Murphy v. Andrews, 465 F. Supp. 511 (E.D. Pa. 1979)

U.S. District Court for the Eastern District of Pennsylvania - 465 F. Supp. 511 (E.D. Pa. 1979)
January 30, 1979

465 F. Supp. 511 (1979)

Special Agent Charles ANDREWS et al.

Civ. A. No. 77-2699.

United States District Court, E. D. Pennsylvania.

January 30, 1979.

Lee Mandell and Alan L. Director, Philadelphia, Pa., for plaintiff.

Paul Sacks, Asst. City Sol., Philadelphia, Pa., for defendants.


DITTER, District Judge.

This action is brought under the civil rights laws against various individual officers of the Philadelphia Police Department to redress alleged violations of the plaintiff's constitutional rights.[1] The defendants have moved for summary judgment on *512 the ground that the issues raised in this suit have been previously litigated and decided unfavorably to plaintiff. For the reasons stated herein, defendants' motion must be denied.


At approximately 2:10 on the morning of August 8, 1975, plaintiff James Murphy was arrested by several of the defendants on the charge that he had murdered one Joseph Bosley. During the course of his ensuing detention and interrogation, plaintiff claims that the defendants viciously beat and abused him in an effort to obtain a confession. The beating is alleged to have continued throughout the morning, and plaintiff states that defendants refused his repeated pleas for the assistance of counsel. He did in fact make three separate statements to the police, at least two of which are alleged to have been exculpatory.[2] As a result of the beatings, plaintiff charges that he received "laceration of the mouth, painful bruises all over his body including great pain in the groin and back area, all of which caused him great pain, both physical and mental." Complaint, ¶ 32.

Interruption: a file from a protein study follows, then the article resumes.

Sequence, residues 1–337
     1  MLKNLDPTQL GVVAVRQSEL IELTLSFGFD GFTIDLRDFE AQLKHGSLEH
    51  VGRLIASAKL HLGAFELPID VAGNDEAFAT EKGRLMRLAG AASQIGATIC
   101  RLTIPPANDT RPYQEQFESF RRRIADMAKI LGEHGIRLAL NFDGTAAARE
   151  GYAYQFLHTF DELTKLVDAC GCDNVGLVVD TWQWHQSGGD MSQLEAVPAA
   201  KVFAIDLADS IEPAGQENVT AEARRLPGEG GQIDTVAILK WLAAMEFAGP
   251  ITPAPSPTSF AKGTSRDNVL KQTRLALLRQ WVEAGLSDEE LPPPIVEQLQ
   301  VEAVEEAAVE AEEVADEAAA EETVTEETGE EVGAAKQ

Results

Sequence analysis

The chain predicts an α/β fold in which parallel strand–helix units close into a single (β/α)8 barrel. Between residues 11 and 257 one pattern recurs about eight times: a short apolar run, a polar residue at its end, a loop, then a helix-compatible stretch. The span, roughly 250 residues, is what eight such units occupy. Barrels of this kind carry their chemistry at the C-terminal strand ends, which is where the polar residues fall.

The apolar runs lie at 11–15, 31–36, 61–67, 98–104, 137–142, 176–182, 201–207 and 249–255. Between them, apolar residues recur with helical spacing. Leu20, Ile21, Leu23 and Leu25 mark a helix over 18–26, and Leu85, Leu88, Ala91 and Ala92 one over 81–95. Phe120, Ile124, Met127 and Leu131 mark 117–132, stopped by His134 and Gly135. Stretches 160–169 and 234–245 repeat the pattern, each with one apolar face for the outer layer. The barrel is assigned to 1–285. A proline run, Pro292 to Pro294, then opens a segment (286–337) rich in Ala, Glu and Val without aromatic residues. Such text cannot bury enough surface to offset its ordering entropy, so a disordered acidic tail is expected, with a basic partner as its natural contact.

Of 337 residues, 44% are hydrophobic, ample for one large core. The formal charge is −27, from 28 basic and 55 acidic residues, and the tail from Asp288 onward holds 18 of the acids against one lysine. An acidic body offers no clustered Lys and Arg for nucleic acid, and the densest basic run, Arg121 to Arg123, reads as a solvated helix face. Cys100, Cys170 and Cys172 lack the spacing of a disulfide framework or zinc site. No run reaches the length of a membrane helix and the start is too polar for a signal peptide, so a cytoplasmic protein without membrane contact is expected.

Prior to his criminal trial on the murder charge, plaintiff moved to suppress all oral and written statements given by him to the authorities on the ground that they were the result of illegal duress and coercion. After a lengthy hearing, the Honorable Bernard J. Goodheart of the Court of Common Pleas, Philadelphia County, denied the suppression motion, having found that plaintiff's statements were freely and voluntarily made. When the case proceeded to trial on the underlying charge, however, another person confessed to the murder, and plaintiff was acquitted.


In this action, plaintiff seeks to recover damages for the violations of his civil rights that occurred when defendants allegedly beat him and denied him his right to counsel, all in an effort to elicit incriminating statements. Defendants move for summary judgment on the ground that the issues raised by the instant complaint are substantially the same as those already adjudicated before Judge Goodheart at the suppression hearing. Defendants point out that Judge Goodheart found the statements to have been made voluntarily, a finding which implicitly must embody a conclusion that there was no beating.[3] Admittedly, plaintiff took no appeal from the finding. They argue, therefore, that the order denying Murphy's motion to suppress the statements became final, and relitigation of substantially the same questions is barred by the doctrines of res judicata and collateral estoppel.